For example, Hokkaido is my favorite region of Japan, and holding a JR Pass in Hokkaido is a mistake. Why? Because the train system in Hokkaido sucks (whenever I hear someone claiming that trains in Japan are always on time, I have to roll my eyes – they clearly have not been on many trains in Hokkaido). I once almost got stranded in a small town in Hokkaido because the train system completely shut down (and that town had no bus service) though the local police were kind enough to arrange a ride for me to another town. Having a private means of transportation (car or bicycle) is ideal in Hokkaido, but even the bus network in Hokkaido is better than the train network. Every traveller I met in Hokkaido who had a JR pass regretted it because they ended up using the trains so infrequently that it would have been cheaper to buy single tickets than to buy the pass. (But dealing with the transportation problems of Hokkaido is totally worth it, because Hokkaido is awesome).

    And while I used Hokkaido as my example, there are other regions of Japan which a) are very worth visiting yet b) JR is a bad deal. Another obvious example is the Nansei Shoto, which has a lot to offer tourists, and JR does not exist there (at least JR Hokkaido exists, even though it is not worth buying a pass there).

    Another problem I have with the JR pass is that it tends to encourage people to plan their trips around getting the most use out of their pass, rather than an itinerary which would best serve their interests. I heard a lot of people say ‘I have to do X because of my JR pass’ even though it was not their first choice.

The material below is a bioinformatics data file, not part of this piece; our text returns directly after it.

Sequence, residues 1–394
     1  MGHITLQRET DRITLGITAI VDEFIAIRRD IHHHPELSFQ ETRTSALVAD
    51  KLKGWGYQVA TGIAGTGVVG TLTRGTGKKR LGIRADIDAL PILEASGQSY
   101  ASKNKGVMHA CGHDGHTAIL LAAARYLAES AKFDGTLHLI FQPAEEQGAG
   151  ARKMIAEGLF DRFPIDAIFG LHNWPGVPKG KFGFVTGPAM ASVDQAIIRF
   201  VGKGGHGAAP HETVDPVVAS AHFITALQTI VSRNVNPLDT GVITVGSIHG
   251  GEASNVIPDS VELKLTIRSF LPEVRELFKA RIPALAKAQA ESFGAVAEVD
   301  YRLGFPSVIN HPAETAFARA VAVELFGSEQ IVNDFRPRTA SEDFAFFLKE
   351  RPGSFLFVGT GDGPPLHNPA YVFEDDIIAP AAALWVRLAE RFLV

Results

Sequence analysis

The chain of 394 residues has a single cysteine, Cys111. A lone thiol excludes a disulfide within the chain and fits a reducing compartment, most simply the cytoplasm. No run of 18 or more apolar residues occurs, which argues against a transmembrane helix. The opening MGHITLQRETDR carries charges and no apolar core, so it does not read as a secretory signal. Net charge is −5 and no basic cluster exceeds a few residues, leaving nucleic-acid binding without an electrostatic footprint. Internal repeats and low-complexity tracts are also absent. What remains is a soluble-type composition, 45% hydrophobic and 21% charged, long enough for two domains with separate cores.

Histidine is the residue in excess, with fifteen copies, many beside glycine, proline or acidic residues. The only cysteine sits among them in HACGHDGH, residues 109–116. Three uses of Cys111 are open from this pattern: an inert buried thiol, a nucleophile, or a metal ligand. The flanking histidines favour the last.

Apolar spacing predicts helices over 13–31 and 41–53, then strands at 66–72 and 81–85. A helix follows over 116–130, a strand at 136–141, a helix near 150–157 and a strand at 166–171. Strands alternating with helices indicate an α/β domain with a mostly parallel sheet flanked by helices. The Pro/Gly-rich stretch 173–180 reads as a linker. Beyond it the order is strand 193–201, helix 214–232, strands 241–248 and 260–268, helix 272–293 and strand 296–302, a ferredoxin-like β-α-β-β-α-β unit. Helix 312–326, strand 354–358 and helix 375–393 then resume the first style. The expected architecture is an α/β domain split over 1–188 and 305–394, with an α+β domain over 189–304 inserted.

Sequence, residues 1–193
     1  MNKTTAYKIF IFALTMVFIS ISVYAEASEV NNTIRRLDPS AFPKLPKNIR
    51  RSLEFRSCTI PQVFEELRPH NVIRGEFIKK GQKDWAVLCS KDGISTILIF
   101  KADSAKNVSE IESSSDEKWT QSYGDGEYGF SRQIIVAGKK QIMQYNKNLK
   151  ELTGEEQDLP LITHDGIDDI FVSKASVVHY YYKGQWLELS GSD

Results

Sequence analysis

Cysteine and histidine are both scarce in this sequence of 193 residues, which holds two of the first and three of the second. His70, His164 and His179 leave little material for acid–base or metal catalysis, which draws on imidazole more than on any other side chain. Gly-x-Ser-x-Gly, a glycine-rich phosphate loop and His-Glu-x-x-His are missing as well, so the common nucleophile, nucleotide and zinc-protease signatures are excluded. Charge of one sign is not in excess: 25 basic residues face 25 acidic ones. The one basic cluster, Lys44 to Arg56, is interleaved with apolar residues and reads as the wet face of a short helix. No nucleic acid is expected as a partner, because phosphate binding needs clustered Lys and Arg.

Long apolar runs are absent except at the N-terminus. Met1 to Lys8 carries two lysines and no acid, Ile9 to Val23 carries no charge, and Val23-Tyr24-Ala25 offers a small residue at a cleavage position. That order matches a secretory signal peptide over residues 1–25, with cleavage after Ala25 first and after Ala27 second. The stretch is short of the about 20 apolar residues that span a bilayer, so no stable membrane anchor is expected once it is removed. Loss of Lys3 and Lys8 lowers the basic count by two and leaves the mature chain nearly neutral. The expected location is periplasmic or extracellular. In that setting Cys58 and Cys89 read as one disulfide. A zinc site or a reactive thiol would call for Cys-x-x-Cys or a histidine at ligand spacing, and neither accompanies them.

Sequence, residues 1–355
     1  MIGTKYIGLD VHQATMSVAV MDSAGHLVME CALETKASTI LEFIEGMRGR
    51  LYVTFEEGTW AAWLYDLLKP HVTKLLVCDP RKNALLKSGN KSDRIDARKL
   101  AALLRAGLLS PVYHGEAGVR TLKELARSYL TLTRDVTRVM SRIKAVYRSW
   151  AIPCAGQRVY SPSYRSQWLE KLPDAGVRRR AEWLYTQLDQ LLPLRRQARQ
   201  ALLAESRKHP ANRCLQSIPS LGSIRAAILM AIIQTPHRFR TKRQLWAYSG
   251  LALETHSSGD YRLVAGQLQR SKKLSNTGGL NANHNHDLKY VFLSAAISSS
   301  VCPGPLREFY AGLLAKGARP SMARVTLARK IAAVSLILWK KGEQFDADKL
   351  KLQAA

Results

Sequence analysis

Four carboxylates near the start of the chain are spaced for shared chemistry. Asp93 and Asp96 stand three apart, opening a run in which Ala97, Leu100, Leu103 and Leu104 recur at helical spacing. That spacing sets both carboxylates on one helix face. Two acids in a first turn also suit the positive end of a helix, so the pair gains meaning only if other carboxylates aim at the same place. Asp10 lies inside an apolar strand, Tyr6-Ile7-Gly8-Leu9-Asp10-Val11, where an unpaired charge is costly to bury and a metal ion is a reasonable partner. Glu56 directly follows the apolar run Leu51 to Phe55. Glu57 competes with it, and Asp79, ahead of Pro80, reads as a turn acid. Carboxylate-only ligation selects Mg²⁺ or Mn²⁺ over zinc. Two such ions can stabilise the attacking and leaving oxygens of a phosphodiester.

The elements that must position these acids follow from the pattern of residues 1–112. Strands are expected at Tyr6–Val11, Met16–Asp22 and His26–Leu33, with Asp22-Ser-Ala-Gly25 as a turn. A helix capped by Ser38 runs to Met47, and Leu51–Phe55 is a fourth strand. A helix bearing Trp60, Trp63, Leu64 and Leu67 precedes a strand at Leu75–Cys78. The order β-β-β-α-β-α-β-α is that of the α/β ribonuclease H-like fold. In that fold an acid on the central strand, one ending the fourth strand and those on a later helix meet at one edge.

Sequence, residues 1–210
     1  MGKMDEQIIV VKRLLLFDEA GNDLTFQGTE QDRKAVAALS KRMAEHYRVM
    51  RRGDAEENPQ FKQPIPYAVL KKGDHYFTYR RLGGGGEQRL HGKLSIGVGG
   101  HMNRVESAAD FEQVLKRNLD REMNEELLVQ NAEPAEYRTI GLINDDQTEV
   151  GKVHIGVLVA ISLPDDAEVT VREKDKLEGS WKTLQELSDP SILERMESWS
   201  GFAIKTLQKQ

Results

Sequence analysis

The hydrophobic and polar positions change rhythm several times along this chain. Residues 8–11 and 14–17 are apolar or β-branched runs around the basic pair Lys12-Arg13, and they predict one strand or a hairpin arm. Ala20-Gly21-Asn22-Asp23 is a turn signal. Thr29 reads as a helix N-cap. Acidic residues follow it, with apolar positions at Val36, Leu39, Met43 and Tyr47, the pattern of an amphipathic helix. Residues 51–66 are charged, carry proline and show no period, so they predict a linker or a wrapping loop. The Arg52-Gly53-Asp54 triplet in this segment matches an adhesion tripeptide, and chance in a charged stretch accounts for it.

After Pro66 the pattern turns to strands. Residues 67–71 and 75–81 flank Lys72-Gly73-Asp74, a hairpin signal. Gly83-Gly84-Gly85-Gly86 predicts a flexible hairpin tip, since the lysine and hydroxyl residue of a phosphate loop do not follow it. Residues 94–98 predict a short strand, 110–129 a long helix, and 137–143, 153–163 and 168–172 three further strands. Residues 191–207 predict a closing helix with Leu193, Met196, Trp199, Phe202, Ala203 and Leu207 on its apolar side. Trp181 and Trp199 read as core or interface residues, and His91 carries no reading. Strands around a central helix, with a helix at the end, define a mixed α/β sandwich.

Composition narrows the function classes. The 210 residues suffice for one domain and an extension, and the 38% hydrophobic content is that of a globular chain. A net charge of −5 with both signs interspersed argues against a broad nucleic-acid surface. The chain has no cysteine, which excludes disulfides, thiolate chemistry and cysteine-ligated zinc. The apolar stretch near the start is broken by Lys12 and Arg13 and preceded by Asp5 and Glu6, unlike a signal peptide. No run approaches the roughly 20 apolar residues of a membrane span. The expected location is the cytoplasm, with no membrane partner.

Even for tourists who are going on the beaten path of Tokyo-Osaka-Kyoto-Nara-Hiroshima, there is the alternative of … not making a round trip between Tokyo and Kyoto (and there are buses which are cheaper than JR). It is possible to skip Tokyo (I never went to Tokyo even though I’ve spent almost 6 months in Japan), and it is also possible to fly into Tokyo and fly out of Kansai Airport. One can get a heavy dose of Japan just in Kyoto-Osaka-Nara, and transportation between those cities is cheap (and the non-JR options are usually cheaper than JR).

    Liked by 1 person

  4. Excellent post! I love Japanese culture (I’m currently studying Japanese) and would love to travel to Japan someday. In this post you cover absolutely useful tips to travel there, I’ll keep your recommendations in mind.

    Liked by 1 person

  5. My top tips: 1.Go in the blossom season or the Autumn season.
    2. Go to Fukuoka if you need a rest from full-on tourism.
    3. Fukuoka to Nagasaki is 2.5 hours on the bus. A great day trip not to be missed.

    Liked by 1 person

  6. I have never been to Japan but it’s on the top of my bucket list and I really hope to cross it off soon, Kenneth. Your post is one of the most detailed and enlightening travel guides I have read for Japan. I am saving your post with the hope to reread it when planning my trip there!

    Liked by 1 person

  7. Great itinerary! Sigh. Unfortunately I’ve only been to Tokyo on business trips…Had I the leisure time, to do it, I’d saddle up for the trip again any day. Your planning reminds me of the Eurrail pass trips we used to take all over Europe in the summers while my Dad was stationed there!

    Liked by 1 person

  8. Thanks for the tips! We’ve always had Japan on the list of places to visit, one of these days we’ll make it a reality. Good to know about the Ghibli tickets, somehow that doesn’t surprise me. I’d love to check out Kyoto and make the trek over to Okinawa as well to drop in on a friend/coworker. So many beautiful places to see out there.

    Liked by 1 person